Howard Marks put it nicely when he said that, rather than worrying about share price volatility, 'The possibility of permanent loss is the risk I worry about... and every practical investor I know worries about.' So it seems the smart money knows that debt - which is usually involved in bankruptcies - is a very important factor, when you assess how risky a company is. Importantly, Ross Stores, Inc. (NASDAQ:ROST) does carry debt. But the more important question is: how much risk is that debt creating?
What Risk Does Debt Bring?
Debt is a tool to help businesses grow, but if a business is incapable of paying off its lenders, then it exists at their mercy. In the worst case scenario, a company can go bankrupt if it cannot pay its creditors. However, a more frequent (but still costly) occurrence is where a company must issue shares at bargain-basement prices, permanently diluting shareholders, just to shore up its balance sheet. Having said that, the most common situation is where a company manages its debt reasonably well - and to its own advantage. The first thing to do when considering how much debt a business uses is to look at its cash and debt together.
What Is Ross Stores's Debt?
The image below, which you can click on for greater detail, shows that Ross Stores had debt of US$312.6m at the end of May 2019, a reduction from US$397.1m over a year. However, its balance sheet shows it holds US$1.37b in cash, so it actually has US$1.05b net cash.
How Healthy Is Ross Stores's Balance Sheet?
Zooming in on the latest balance sheet data, we can see that Ross Stores had liabilities of US$2.59b due within 12 months and liabilities of US$3.19b due beyond that. Offsetting this, it had US$1.37b in cash and US$121.6m in receivables that were due within 12 months. So its liabilities outweigh the sum of its cash and (near-term) receivables by US$4.29b.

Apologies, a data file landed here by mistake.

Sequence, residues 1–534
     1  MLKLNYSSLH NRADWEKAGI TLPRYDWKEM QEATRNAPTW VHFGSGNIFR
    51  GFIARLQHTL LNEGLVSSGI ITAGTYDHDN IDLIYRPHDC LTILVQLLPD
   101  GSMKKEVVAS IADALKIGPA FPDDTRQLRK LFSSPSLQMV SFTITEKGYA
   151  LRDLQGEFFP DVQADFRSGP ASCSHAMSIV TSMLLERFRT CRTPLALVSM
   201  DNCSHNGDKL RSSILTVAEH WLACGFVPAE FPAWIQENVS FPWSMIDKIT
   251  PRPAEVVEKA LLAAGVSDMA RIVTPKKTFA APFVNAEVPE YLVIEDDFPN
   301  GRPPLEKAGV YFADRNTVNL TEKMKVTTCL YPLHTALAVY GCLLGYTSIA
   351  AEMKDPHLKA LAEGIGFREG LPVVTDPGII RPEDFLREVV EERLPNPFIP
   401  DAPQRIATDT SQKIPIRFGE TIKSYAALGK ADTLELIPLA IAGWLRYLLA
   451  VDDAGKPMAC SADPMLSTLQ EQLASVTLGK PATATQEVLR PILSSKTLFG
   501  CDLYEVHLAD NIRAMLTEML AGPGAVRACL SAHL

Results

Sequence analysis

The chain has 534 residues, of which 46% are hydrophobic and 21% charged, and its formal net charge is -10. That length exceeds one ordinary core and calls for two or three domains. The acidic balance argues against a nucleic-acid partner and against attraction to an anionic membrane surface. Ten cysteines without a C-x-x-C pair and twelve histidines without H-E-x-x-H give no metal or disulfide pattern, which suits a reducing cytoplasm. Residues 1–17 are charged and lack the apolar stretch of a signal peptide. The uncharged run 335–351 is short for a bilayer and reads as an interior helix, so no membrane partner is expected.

Since publicly traded Ross Stores shares are worth a very impressive total of US$39.2b, it seems unlikely that this level of liabilities would be a major threat. Having said that, it's clear that we should continue to monitor its balance sheet, lest it change for the worse. Despite its noteworthy liabilities, Ross Stores boasts net cash, so it's fair to say it does not have a heavy debt load!
On the other hand, Ross Stores saw its EBIT drop by 2.5% in the last twelve months. If earnings continue to decline at that rate the company may have increasing difficulty managing its debt load. There's no doubt that we learn most about debt from the balance sheet. But it is future earnings, more than anything, that will determine Ross Stores's ability to maintain a healthy balance sheet going forward. So if you're focused on the future you can check out this free report showing analyst profit forecasts.
Finally, a company can only pay off debt with cold hard cash, not accounting profits. Ross Stores may have net cash on the balance sheet, but it is still interesting to look at how well the business converts its earnings before interest and tax (EBIT) to free cash flow, because that will influence both its need for, and its capacity to manage debt. During the last three years, Ross Stores produced sturdy free cash flow equating to 71% of its EBIT, about what we'd expect. This cold hard cash means it can reduce its debt when it wants to.
Although Ross Stores's balance sheet isn't particularly strong, due to the total liabilities, it is clearly positive to see that it has net cash of US$1.1b. The cherry on top was that in converted 71% of that EBIT to free cash flow, bringing in US$1.7b. So we don't have any problem with Ross Stores's use of debt. We'd be motivated to research the stock further if we found out that Ross Stores insiders have bought shares recently. If you would too, then you're in luck, since today we're sharing our list of reported insider transactions for free.
If, after all that, you're more interested in a fast growing company with a rock-solid balance sheet, then check out our list of net cash growth stocks without delay.
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